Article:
- May 17, 2010
Seniors vs. Teens: Who Are the Safer Drivers?
Here's Who To Steer Clear Of
Picture this: You're out on the road, driving in mixed traffic with your choice of drivers to follow. One is a gray-haired senior puttering along in the right lane and the other is a fresh-faced teenager moving briskly in the left lane.
Statistically speaking, which driver is safer to follow? The older driver with the slower reflexes, poorer vision, and cautious driving style, or the younger driver with faster reactions, better eyesight, and driving with the flow of traffic?
The answer: Stay in the right lane, behind the oldster, and let the teenager go on his way. According to statistics from the National Highway Traffic Safety Administration and the Insurance Institute for Highway Safety, the safest drivers are in the age group between 64 and 69 years old. And studies of the data reveal that teenage drivers — especially male teenage drivers — are the most dangerous drivers on the road.
"In every motorized country around the world, teenage drivers are disproportionately involved in crashes," said Dr. Anne McCartt, senior vice president for research at the Institute. "The seriousness of this problem has been recognized for decades. Only in the last few years have public policies such as graduated driving licenses been enacted to address the situation. And those laws seem to be working, but fatalities are still high."
Statistics Say Seniors are Safer
In 2008, 5,864 15- to 20-year-old drivers were involved in fatal crashes. That's the bad news. The good news is that number is down by 27 percent since 1998. Driver fatalities for this age group also decreased by 20 percent in the same time period.
However, motor vehicle crashes still remain the major cause of death for teenagers. In 2008, 2,739 15- to 20-year-old drivers were killed and an additional 228,000 were injured in motor vehicle crashes. Sixty percent of deaths among passenger vehicle occupants ages 16-19 were drivers.
Senior drivers, like teenage drivers, have higher crash rates per mile driven, especially when it comes to fatal crashes. But seniors don't drive as many miles, so a better measurement of their susceptibility to accidents can be had by comparing crash rates on a per capita basis. Looking at the numbers in this way shows senior drivers have much lower crash rates. Despite their increased risk of crashing per mile driven, relatively few elderly drivers are involved in accidents because of their lower rates of exposure. In addition, the rate of fatalities per capita among seniors has decreased 40 percent since 1975 and is now at its lowest level during this period.
Let’s look at the numbers. In 2008, 15- to 20-year-old drivers made up 8.5 percent of the U.S. population, yet accounted for 12 percent of occupant deaths among all ages in passenger vehicle (cars, pickups, SUVs, and vans). Per mile driven, teen drivers ages 16 to 19 are four times more likely than older drivers to crash. Drivers from 65 to 69 years old made up 3.7 percent of the population, but accounted for just 3.2 percent of all fatal crashes.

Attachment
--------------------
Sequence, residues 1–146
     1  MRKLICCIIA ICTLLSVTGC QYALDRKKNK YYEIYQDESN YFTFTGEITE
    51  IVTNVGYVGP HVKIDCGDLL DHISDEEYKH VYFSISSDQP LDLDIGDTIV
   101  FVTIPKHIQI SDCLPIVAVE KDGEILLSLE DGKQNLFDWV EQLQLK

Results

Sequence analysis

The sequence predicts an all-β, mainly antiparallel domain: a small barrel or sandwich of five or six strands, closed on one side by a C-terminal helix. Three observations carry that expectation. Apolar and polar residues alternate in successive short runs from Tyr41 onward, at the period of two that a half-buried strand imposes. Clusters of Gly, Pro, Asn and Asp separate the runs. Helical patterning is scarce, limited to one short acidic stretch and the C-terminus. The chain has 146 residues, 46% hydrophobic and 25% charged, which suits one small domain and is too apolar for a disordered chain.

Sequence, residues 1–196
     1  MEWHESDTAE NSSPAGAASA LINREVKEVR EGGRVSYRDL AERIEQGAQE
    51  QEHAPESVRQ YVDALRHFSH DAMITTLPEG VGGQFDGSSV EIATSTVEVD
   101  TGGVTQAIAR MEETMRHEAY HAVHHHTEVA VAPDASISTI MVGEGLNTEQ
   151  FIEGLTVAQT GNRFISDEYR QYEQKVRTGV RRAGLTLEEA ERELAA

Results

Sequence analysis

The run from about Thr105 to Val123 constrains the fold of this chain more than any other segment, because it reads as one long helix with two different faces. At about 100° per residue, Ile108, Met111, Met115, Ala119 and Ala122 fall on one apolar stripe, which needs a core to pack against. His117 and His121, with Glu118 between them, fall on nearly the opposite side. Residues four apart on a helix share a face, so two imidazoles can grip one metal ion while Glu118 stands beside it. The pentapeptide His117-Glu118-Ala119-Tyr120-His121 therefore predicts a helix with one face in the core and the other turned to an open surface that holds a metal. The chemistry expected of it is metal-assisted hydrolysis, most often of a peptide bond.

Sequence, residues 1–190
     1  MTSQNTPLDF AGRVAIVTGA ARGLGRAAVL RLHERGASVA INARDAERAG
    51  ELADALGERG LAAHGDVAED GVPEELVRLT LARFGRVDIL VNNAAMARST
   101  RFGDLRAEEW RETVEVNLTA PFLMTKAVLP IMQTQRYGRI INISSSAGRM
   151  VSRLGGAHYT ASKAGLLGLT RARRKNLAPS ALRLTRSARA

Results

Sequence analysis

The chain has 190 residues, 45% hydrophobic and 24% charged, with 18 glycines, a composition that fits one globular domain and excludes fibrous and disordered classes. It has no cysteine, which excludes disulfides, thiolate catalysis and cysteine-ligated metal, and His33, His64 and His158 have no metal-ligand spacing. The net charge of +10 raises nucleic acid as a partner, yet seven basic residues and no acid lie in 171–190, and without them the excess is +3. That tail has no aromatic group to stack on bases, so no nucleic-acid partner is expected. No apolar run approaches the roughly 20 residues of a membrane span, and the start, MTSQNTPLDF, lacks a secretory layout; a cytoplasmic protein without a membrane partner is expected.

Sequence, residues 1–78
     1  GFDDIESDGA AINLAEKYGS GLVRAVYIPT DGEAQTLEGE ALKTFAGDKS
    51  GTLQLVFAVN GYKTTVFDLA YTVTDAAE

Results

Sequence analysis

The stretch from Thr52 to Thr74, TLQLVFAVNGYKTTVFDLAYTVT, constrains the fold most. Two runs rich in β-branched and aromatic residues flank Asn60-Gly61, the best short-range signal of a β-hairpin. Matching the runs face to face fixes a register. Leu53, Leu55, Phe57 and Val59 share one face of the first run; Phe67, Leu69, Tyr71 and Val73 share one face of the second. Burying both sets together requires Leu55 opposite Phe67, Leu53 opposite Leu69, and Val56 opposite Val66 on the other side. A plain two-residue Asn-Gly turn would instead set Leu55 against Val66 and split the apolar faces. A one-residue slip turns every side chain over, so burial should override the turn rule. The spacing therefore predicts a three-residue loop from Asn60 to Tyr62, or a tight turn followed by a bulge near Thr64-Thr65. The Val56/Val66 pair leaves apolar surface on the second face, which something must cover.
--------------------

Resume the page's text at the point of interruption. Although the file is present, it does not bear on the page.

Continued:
Major risk factors contributing to teenage crashes are those you would expect, including:
Lack of experience. Teens are more likely than older drivers to underestimate dangerous situations or not be able to recognize hazardous situations.
Poor judgment. Teens are more likely than older drivers to speed and allow shorter headways (the distance from the front of one vehicle to the front of the next).
Low seat belt usage. Compared with other age groups, teens have the lowest rate of seat belt use. In 2007, 61 percent of all 15- to 20-year-old passenger vehicle occupants killed in fatal crashes were not wearing seat belts.
Preventing Teenage Driving Injuries
"Almost all states have adopted some form of graduated driver licensing," said Dr. McCartt. "These laws are proving effective in reducing teenage crashes."
Graduated driver licensing (GDL) systems are designed to delay full licensure while allowing teens to get their initial driving experience under low-risk conditions. Research suggests that the most comprehensive of these programs are associated with reductions of 38 percent and 40 percent in fatal and injury crashes, respectively, among 16-year-old drivers.
"When parents know their state's GDL laws, they can help enforce the laws and, in effect, help keep their teen drivers safe," said Dr. McCartt.
One of the reasons for their safer driving statistics is that seniors tend to be more aware of their limitations and drive accordingly. "There may be several factors as to why seniors appear to be safer drivers, one of which may be that most teens are novice drivers and seniors have been at it a lot longer," said Patricia Swift-Oladeinde, spokeswoman at the National Highway Traffic Safety Administration. "But regardless of each person's ability, NHTSA encourages all drivers to solely focus on driving when behind the wheel. After all, one distraction can be one too many," she said.